The problem was getting the template to the right size, the template in this case is just a section of skull from one of his models.

Template -

He has loads.

It's a pretty simple shape, but I wanted it to be bigger, around a4 size the problem was how to get it to the size I wanted ?

So I made a pantograph (well I actually I made two, I'll get to why later) which is basically an old way of enlarging or shrinking images, artists and planners have been using them for years (since about 1600) yes I could have scanned the template and printed it out to the sizes I wanted, but to be honest this was quicker and printer ink isn't as cheap as wood.

Here's the second one I made - 

This one worked much better than the first.

Why did I make two ? simple really the first one wasn't as good as it could have been, it did work but due to some mistakes I made every enlarged image was slanted (think italic writing) and not what I was after, simply put I didn't take enough time on it and as a result it wasn't good enough, so I did more research and took my time with the second one and got a much better result, patience is a virtue.

The first one - 

Close but no cigar.

As you can see there is a difference between the two, but both are made in a similar way from strips of pine about 25mm wide and 7mm thick (left over from a project) the main difference being where they are connected and pivot.

So ignoring the first effort here's how I made the second one, I cut five strips of wood four to make up the pantograph frame and one so that I could clamp it to the table.

Here's a cut list, allow an extra 50mm on each piece for fixing -

Click to make bigger.

Here's what it should look like when done (red dots are where fixings go) - 

Click to make bigger.

Once you've cut your wood you should have five pieces, two at around 55cm long one at 35cm long, one at 25cm long and a short piece for clamping (around 15cm is fine) next you need to drill holes for fixings, on one of the longest pieces put a mark at 2.5cm and then measure 20cm along from that and put another mark then from that mark measure 30cm and make another mark, this is where you'll need to drill holes.

You can just tape the two longest pieces together to save putting marks on each bit, for the shorter pieces again measure down 2.5cm and mark, then measure another 30cm and mark and do the same for the shorter piece, measure down 2.5cm and mark then another 20cm and mark.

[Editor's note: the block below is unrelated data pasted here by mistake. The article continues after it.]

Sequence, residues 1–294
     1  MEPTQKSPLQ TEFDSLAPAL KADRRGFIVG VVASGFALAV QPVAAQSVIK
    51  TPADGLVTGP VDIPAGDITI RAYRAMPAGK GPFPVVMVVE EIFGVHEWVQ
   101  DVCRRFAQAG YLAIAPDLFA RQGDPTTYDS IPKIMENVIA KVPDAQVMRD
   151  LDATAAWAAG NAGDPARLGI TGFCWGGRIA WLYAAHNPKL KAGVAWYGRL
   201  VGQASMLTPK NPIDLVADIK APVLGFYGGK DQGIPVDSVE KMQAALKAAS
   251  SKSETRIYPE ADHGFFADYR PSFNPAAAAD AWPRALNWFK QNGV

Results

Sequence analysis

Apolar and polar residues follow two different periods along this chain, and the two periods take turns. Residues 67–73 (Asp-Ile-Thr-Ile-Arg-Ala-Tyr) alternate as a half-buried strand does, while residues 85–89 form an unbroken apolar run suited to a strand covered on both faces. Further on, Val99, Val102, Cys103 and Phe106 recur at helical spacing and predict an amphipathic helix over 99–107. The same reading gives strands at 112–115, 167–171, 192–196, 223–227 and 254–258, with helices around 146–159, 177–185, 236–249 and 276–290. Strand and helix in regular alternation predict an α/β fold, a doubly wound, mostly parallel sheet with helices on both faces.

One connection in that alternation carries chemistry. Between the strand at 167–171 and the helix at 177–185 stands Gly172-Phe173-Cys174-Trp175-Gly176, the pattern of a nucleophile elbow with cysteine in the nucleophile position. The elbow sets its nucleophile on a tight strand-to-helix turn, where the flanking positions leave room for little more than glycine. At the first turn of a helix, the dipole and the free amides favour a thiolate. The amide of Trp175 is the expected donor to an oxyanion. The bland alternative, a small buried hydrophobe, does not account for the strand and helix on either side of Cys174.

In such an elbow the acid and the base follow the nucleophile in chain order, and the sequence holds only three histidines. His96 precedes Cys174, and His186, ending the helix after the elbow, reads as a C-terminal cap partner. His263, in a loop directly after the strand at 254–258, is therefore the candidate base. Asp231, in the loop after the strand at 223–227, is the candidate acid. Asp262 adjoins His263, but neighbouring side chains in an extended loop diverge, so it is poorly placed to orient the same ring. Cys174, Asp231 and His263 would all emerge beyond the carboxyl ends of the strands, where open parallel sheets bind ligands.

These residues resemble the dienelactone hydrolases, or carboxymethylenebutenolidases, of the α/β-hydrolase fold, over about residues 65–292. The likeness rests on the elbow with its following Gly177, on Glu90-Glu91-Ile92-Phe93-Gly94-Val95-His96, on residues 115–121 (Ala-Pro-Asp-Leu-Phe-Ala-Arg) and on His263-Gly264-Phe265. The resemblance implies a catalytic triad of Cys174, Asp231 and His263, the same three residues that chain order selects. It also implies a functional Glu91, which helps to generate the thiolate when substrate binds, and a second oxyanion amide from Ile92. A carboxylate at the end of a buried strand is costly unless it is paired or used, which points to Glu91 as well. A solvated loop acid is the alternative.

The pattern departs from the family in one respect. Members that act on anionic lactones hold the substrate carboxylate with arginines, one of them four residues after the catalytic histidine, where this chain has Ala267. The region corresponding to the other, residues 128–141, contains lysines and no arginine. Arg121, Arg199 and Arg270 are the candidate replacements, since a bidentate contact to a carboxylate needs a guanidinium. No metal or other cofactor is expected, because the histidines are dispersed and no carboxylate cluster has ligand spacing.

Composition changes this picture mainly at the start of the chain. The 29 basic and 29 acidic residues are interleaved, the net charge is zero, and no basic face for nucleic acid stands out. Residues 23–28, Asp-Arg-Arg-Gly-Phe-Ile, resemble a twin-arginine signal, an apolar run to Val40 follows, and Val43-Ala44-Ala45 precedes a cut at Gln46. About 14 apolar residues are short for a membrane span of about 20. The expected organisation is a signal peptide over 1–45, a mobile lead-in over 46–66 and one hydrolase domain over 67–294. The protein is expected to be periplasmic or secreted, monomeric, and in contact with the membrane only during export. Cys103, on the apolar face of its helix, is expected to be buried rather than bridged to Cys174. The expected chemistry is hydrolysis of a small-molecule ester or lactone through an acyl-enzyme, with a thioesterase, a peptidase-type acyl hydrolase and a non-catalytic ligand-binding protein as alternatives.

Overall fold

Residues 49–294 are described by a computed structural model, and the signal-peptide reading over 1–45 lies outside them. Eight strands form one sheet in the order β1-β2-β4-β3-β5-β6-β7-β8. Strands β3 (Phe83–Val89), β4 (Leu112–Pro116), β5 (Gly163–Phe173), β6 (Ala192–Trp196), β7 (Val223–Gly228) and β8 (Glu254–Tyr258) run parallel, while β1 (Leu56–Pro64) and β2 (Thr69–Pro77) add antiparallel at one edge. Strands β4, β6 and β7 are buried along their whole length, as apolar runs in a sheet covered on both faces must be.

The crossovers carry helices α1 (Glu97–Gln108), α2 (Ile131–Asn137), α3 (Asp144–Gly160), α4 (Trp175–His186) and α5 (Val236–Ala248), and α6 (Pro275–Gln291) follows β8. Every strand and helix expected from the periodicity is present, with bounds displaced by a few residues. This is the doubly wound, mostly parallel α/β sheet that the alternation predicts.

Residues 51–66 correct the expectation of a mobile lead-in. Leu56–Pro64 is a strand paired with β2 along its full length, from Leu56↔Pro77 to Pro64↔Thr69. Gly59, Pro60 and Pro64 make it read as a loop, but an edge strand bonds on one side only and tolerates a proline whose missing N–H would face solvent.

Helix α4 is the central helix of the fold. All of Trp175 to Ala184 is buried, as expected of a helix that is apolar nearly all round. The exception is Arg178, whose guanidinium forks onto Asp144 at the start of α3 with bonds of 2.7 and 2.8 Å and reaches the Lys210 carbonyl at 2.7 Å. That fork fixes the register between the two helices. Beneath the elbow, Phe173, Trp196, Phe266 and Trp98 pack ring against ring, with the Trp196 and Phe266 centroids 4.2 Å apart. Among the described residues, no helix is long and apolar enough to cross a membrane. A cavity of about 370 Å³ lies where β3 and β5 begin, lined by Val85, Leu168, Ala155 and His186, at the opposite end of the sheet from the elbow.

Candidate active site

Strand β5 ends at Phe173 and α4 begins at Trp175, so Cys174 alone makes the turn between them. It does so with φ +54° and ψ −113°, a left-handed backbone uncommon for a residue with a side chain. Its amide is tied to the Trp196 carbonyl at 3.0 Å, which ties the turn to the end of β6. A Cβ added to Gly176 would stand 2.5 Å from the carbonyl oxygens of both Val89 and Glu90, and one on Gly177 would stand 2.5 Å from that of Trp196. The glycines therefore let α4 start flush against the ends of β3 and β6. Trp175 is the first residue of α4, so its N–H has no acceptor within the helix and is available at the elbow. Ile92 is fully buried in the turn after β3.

When you have your marks sorted then drill holes, I used a smallish drill bit (5mm) in my post drill to keep the holes nice and straight although you can do it with any drill, just keep the holes as straight as possible, once that's done fix the pieces together so it looks like the diagram above, I used small nuts and bolts, it's also a good idea to use some washers between the pieces of wood for smoother movement.

Nuts and bolts from a pound shop - 

Useful for all kinds of things.

I made some small plastic washers from a section of milk container using a homemade cutter, which is just a bit of steel tube with one end sharpened, a good tip is to drill holes in the plastic to the size you want and then cut them out, it's a nightmare trying to make small holes in small bits of plastic.

Homemade washers - 

Recycling is always good.

For the pencil holder I used one of my wood threading kits to make an adjustable holder from a bit of old dowel and plywood.

Making the pencil holder - 

You don't need a lathe for this, just a wood threading kit.
I turned a bit of dowel down to the right size and then put a thread on it, so it was like a wooden bolt, next I cut a section from the dowel so I had a flat edge for fixing to the pantograph frame, I also drilled a hole roughly the size of a pencil through the bit I cut a thread into.

Notch cut - 

I just used a coping saw.

For the part that will clamp the pencil I took a bit of old plywood which is good for this kind of thing and drilled a hole and using the wood thread kit made what is basically a wooden nut.

Making the nut, thread cutting - 

A bit of linseed oil makes for a smoother cut.

Marked and ready to cut out - 

I cut it out roughly.

Once I had the nut part cut out roughly I screwed it onto the bolt part and turned it until it was smooth(ish) and round, all this could be done without a lathe, but you would need a thread cutting kit.

The finished pencil holder - 

It works well.

The tracer is a piece of threaded bar with one end sharpened to a point and held in place with a couple of nuts, I made it slightly longer than it needed to be to allow for adjustments.

The tracer - 

Simple but effective.

I also made some small wooden feet to raise the frame up a bit this makes the movement of the whole thing much smoother when tracing, they're just bits of dowel stuck to the frame work and not essential.

Wooden feet - 

The feet are made from a scrap piece of dowel.